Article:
As web sites and applications have become more complex, the need for auditing – at multiple points in the lifecycle of a project – has become ever more important.
Before delivery, a web project can be audited to ensure the ability to meet business goals or compliance with regulations. After delivery, an audit can identify problems and propose remedies. In a possible merger or acquisition, an audit can help evaluate the project’s relative benefits and liabilities.
Website auditing has become similar to financial auditing (which is separate and distinct from accounting and financial activities). It is similar to the practices applied in auditing management systems (see “There’s a Module Standard for That” sidebar).
Website auditors must apply these four principles:
- Judgment They must be able to choose the scope and granularity of the website, without wasting effort on discovering problems with no meaningful impact on the behavior and performance of the site; hence, a need for business acumen.
- Expertise In order to determine whether or not best practices were followed by the original site developers, auditors must achieve a level of proficiency beyond that with which the site was delivered.
- Objectivity Auditors cannot audit a site they themselves produced, or else risk selective blindness – the inability to see problems they missed the first time around.
- Distance Auditors cannot operate on a website developed by a company – especially their own – with which they have any kind of commercial or personal involvement.
The Real World
Market studies show that site audits are often used as a loss leader by generalist Drupal agencies. Their objective: to set the stage for redevelopment and third-party maintenance work, where the main volume of business is done using “findings” from a short and low-cost audit to provide the developer with a technical advantage against competitors.
Aside from preventing efficient market competition, this practice applies strong pressure on tailoring audit results to meet the specific abilities of the target company; i.e., it questions the trustworthiness of audits. Such “audits” neither meet neutrality requirements – because of the expected gain – nor meet proficiency requirements – because no company can operate above its own level.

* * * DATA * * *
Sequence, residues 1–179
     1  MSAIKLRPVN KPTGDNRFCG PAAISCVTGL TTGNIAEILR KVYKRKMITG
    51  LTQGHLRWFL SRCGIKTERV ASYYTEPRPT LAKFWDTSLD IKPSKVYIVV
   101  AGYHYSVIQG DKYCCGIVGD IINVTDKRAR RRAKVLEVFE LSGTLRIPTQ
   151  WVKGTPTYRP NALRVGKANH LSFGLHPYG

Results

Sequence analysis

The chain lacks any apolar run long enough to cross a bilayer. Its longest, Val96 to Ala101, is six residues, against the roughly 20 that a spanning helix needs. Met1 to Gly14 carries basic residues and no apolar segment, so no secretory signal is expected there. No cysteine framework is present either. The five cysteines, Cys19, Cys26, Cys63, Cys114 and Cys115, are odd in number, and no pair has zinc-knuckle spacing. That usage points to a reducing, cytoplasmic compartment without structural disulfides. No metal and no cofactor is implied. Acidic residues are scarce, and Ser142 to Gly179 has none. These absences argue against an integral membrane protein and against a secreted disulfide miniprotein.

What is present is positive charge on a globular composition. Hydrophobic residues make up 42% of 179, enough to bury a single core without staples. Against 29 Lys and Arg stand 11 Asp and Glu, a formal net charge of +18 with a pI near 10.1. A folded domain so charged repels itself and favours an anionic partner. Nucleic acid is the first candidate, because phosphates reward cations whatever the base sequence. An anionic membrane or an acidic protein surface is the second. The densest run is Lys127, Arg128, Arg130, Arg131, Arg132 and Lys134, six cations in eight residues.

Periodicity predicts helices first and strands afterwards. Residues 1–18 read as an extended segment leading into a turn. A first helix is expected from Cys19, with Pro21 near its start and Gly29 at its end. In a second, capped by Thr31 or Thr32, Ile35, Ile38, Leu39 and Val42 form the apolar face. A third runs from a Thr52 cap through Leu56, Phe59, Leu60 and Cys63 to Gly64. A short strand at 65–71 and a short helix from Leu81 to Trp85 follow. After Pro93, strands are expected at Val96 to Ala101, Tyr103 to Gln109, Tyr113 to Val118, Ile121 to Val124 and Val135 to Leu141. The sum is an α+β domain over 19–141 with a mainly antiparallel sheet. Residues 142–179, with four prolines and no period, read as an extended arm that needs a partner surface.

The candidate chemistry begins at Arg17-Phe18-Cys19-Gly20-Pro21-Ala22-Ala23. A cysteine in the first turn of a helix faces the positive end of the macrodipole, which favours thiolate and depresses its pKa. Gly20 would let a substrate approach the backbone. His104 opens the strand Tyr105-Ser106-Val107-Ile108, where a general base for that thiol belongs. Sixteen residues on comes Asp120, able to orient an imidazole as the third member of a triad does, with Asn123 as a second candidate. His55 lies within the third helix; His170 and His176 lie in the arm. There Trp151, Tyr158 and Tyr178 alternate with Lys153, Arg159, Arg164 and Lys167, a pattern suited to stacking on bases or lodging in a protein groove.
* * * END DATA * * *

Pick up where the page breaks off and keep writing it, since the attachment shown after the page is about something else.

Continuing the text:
In 2014, for the first time, many customers mentioned that the very existence of a code of ethics – albeit minimal – was an important factor in selecting one auditing practice over others.
In order to provide businesses and organizations, and even certifying bodies, with reliable audit reports, our sector must continue to mature and establish auditing as a separate activity – with strict ethical requirements.
Unlike the financial profession and general management systems, there is now little regulation in place for web/app development vs. auditing (with a few exceptions like PCI compliance); the onus is on us practitioners to establish a code of ethics, based on the best practices identified in other sectors, but adapted to the specifics of our line of work.
Existing Texts and Drupal Work
The general standards community in ISO/IEC has already produced a significant amount of work, mostly targeted to business management systems, as in the ISO 19011 standard, by Technical Committee 176 on quality; the ISO/IEC 17021 standard on auditing bodies, by the Committee on Conformity Assessment; and the ISO/IEC 27006/27007/27008 series of standards established around security auditing.
The IEEE/ACM Software Engineering Code of Ethics and Professional Practice is also relevant to both auditors and system implementers.
Inspiration and references can be provided by national and international legal and regulatory texts for ethics in the accounting audit fields, although some practices vary from country to country.
A fine example of Drupal-specific audits was created by the French auditing practice, OSInet. It can provide a starting point for a common code of practice for the Drupal Community, which auditors in all countries should be able to adapt to the specifics of their national environment.
If this topic is of interest, get in touch – or attend the sessions in 2015 DrupalCon editions or other community events like the Drupal DevDays 2015.
Image: ©richardlpaul on istockphoto